hallelujah bye and bye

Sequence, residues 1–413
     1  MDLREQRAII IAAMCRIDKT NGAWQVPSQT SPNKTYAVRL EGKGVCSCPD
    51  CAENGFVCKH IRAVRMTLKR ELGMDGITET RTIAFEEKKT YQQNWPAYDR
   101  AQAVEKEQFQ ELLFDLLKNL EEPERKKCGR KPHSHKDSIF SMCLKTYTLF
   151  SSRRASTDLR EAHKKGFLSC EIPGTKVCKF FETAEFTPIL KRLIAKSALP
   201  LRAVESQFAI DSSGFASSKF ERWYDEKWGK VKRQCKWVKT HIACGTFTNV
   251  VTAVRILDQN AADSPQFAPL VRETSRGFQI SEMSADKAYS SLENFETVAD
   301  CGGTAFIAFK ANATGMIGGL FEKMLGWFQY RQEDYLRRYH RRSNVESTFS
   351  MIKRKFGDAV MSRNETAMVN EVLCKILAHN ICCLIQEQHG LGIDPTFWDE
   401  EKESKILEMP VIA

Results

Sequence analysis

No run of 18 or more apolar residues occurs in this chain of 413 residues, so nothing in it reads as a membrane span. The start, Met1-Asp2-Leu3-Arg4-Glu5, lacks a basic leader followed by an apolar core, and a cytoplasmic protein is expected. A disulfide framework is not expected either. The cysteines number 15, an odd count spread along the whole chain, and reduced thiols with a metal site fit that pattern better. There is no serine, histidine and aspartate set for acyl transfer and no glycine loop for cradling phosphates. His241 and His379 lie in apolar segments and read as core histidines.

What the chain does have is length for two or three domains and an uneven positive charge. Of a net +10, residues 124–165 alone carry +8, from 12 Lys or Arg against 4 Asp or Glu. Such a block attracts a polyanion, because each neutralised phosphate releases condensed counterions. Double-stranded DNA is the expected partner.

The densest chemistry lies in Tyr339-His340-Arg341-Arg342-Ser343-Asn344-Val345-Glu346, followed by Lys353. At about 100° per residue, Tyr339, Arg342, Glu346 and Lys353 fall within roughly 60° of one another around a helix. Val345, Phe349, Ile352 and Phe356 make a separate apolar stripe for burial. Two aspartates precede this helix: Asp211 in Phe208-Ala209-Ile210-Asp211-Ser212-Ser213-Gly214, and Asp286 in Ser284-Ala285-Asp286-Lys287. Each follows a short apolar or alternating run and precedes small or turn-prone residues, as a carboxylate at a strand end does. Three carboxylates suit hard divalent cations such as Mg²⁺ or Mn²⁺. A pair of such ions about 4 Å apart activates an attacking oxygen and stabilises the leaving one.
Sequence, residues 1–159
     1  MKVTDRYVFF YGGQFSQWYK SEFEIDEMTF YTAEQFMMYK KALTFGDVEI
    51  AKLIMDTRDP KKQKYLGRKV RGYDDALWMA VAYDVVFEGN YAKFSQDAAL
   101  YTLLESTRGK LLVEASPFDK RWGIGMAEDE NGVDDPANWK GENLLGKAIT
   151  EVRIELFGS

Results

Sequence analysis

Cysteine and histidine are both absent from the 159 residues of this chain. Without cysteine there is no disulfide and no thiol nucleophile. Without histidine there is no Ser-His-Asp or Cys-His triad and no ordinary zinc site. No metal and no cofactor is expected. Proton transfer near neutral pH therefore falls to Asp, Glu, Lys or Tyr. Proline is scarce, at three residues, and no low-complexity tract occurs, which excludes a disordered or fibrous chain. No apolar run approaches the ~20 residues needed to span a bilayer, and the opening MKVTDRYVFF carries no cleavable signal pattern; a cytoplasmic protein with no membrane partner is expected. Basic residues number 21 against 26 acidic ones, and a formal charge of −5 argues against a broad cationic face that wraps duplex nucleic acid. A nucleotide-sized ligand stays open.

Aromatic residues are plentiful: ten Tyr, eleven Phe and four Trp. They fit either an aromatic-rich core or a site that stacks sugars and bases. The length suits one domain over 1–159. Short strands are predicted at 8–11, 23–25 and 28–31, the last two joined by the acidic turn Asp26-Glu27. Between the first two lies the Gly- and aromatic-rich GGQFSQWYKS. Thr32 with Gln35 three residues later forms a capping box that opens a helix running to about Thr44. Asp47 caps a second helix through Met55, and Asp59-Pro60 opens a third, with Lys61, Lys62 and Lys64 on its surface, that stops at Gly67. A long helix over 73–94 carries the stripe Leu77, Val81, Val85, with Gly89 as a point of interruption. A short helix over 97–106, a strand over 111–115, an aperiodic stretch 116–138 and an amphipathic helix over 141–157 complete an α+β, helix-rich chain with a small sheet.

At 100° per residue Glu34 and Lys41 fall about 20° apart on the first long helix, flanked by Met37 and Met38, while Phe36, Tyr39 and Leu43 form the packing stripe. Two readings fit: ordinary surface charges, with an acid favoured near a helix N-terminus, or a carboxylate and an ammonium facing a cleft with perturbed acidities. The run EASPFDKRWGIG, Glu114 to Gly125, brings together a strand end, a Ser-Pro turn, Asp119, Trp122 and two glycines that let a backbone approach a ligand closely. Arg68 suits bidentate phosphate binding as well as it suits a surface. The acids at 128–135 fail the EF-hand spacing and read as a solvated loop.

Three hours ago the news came to me by email that my friend of 40+ years, Ted Stern, left the body this morning. The email came from Robert Macdonald who is writing his biography. He was hoping Ted would live long enough to see it. He's projecting to be finished with the writing around April. This morning I found an email from Macdonald telling me Ted was not feeling well. I responded by email and then his return email was to tell me Ted had gone on. All morning I'd been thinking about calling Ted. I thought I'd wait until 11:30, before lunch and plenty of time to be alert after getting up. Macdonald's email came through at a quarter to eleven. I set out to send Stern's grandson Eric an email. I'd started to put down his address, had written "eric" and the phone rang. It was Eric to tell me he'd had a call from Uncle Sandy. I sit here looking out the windows at the birds picking up sunflower seeds on the surface of the snow. When I gaze back at the monitor it turns pink and aqua from snow blindness, followed by a moment unable to see at all, then I can see ok. Caterpillar is on her window seat watching the slate-gray snowbirds hopping about and flying against the white background. From time to time she'll squeak and her whiskers will twitch in the Maine Coon way. It excites her so much to watch the birds that it triggers this involuntary twitch of the upper lip.